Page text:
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You are responsible for power cables on your property

As the property owner, you are responsible for any underground utility service cables that run from your property line up to and including your power meter socket. These lines, most commonly underground cables, would have been installed by the builder or developer when your property was built.

Ordinarily, the electrical service cable to your home operates for many years without a problem—unless a cable fault occurs.

​Power lines on your property

There are many there are many ways power lines may be arranged on your property. As a property owner, you should be aware of what parts you are responsible for.​​​
Keep your power equipment in good condition​​​

​What is a cable fault?

A cable fault is a failure (or fault) in the service lines that transport electricity to your home or business. Cable faults are a common reason for power outages.

What causes cable faults?

  • Normal aging and natural deterioration over time
  • Accelerated deterioration cause by changing ground conditions such as tree roots, rocky ground conditions, or excessive water
  • Deterioration or overheating due to minor damage.
Damage to the cable at the time of installation or due to excavation work. If the cable fault occurs on your property and maintenance or repairs are required, we will work with you to ensure all repairs are done safely and with minimal disruption to your power service.

​Repairing a cable fault

Once a cable fault has been identified as the probable source of the power outage, how do you fix a power cable?

1. Getting temporary servic​e

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2. Locating the fault

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3. Digging a hole for fault repair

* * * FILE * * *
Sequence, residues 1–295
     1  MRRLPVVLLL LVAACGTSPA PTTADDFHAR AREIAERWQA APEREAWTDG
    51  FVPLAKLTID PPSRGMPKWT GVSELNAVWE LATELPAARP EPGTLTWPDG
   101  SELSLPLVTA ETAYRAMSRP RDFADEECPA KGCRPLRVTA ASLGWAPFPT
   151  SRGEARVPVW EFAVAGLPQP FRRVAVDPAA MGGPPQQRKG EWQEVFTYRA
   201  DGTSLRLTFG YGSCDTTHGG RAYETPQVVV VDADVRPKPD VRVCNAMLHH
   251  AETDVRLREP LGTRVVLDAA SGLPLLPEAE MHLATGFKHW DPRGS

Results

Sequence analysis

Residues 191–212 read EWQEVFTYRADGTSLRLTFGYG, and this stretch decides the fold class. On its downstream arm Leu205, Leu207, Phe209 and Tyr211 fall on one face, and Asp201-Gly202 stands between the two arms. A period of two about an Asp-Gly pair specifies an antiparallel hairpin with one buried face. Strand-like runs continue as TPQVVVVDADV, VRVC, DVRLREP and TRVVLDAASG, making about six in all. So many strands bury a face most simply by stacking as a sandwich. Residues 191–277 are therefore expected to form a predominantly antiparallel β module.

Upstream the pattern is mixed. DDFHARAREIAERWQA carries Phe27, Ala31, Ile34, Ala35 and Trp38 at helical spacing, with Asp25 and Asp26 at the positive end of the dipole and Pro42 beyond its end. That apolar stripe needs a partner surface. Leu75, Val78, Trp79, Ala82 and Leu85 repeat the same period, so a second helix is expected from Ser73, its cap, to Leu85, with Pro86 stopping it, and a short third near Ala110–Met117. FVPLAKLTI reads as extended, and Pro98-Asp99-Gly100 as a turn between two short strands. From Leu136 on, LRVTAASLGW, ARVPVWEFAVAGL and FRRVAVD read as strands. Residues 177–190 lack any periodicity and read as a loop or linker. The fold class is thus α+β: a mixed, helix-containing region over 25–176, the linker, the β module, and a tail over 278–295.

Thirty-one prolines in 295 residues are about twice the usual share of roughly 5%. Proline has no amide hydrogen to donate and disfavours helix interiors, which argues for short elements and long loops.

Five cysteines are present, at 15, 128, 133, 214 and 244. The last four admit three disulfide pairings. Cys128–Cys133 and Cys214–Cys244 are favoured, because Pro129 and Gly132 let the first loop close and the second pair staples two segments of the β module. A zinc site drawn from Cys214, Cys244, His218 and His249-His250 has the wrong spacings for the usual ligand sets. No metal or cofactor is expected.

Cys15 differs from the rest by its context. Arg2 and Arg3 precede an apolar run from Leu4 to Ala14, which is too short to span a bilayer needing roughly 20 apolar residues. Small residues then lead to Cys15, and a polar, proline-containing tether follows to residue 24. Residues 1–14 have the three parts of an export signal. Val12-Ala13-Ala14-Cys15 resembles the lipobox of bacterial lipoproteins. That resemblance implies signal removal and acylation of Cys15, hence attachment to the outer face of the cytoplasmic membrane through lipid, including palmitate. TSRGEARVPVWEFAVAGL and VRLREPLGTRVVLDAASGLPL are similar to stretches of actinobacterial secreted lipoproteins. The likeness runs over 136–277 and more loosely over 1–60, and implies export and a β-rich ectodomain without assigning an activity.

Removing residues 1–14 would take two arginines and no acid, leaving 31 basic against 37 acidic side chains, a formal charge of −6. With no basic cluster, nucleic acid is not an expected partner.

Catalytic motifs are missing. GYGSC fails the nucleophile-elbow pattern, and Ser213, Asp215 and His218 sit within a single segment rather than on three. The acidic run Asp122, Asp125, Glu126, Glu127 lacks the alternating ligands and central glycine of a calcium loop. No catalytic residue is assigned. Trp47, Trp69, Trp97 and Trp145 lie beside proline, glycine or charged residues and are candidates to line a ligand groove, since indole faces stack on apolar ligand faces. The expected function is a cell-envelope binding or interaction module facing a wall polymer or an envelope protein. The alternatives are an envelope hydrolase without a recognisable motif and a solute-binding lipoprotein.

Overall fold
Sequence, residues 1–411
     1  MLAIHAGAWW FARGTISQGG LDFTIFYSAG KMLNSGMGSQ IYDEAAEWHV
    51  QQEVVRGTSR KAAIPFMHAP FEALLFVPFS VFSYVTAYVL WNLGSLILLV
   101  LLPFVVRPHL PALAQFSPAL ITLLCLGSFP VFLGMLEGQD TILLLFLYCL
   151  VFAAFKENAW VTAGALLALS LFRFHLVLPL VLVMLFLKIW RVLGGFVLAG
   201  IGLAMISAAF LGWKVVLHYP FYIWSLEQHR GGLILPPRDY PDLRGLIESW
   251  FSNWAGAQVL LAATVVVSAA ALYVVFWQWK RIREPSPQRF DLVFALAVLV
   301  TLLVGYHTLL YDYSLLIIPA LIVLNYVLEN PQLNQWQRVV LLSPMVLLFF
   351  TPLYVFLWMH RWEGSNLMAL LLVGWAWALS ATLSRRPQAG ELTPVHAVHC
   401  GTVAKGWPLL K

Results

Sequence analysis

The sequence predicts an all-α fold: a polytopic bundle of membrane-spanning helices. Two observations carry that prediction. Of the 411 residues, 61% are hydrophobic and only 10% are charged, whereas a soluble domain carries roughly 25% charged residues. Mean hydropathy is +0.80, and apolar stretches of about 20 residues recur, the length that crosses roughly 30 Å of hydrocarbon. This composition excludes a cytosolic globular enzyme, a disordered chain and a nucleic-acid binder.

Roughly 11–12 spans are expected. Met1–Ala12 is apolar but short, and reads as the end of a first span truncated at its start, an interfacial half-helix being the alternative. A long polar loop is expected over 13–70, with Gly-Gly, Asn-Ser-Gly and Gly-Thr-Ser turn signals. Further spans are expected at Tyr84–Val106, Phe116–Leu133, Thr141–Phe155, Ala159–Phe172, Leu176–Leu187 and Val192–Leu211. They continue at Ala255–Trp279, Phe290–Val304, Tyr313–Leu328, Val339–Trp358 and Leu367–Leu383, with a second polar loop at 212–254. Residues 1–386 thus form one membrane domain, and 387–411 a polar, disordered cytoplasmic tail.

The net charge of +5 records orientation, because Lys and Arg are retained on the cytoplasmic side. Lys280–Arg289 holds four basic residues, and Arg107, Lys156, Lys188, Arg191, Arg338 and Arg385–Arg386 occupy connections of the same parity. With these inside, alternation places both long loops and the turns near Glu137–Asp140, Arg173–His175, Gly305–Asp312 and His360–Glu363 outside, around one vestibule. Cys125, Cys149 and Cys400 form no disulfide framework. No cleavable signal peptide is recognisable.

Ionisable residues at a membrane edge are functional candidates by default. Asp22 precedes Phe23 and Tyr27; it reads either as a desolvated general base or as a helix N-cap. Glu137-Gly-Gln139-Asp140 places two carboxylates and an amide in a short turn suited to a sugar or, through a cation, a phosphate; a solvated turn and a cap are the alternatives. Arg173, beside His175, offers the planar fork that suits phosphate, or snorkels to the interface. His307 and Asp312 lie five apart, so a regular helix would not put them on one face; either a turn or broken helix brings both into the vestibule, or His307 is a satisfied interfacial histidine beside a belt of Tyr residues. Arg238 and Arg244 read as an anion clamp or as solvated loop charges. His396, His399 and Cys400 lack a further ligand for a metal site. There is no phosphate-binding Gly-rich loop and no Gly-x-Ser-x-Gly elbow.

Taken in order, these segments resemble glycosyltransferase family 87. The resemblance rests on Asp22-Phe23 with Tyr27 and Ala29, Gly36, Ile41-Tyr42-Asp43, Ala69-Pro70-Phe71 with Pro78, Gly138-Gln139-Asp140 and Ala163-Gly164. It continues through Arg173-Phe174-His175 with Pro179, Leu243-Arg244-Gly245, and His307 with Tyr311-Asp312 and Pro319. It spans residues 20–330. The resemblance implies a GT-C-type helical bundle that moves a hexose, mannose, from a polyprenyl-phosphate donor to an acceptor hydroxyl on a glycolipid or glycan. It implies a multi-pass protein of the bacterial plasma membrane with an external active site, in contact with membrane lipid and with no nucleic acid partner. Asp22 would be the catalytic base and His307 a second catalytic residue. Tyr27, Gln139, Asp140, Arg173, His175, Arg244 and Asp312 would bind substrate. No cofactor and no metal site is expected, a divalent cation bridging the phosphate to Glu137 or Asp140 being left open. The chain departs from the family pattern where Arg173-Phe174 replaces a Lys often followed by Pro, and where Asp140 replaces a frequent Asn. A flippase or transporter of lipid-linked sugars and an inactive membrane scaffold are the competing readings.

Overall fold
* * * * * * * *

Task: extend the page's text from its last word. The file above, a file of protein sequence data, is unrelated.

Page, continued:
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4. Final inspections and restoration

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​1.  Getting temporary service

When our crews respond to a faulted service, they'll disconnect power to your service line and attempt to set up a temporary service line so that you'll continue to receive power until the faulted cable can be repaired. We try to restore as much power to your home as possible. This is often done using a jumper cable from the meter at your neighbour's home to the power meter at yours, which will provide full temporary power to your home. When this is not possible you may receive half power, or 120V, until the repairs can be made.

Once this temporary service is provided, repairs must be completed within 30 days. After 30 days, temporary power will be disconnected.

Temporary service connections don't affect metering in any way. They are safe and reliable as long as vehicles do not drive over them.


2.  Locating the fault

If we find that the electrical service cable failure is on your property, the fault must be located. For single-family homes in Edmonton, we will locate the damage on the cable and perform the repair at no costs to you, so long as the original installation meets EPCOR Standards

However, you are required to pay for excavation and any landscaping restoration. We do not provide excavation services for private properties. All homeowners are responsible for hiring an excavation contractor.

You may also choose to hire a qualified electrician at your own cost to complete the repairs rather than use our free services. The electrician you select will be required to obtain an electrical permit and will need to pass an inspection completed by the City of Edmonton before your power service can be re-energized. Re-energization of an inspected repair can be scheduled through our Metering Department by calling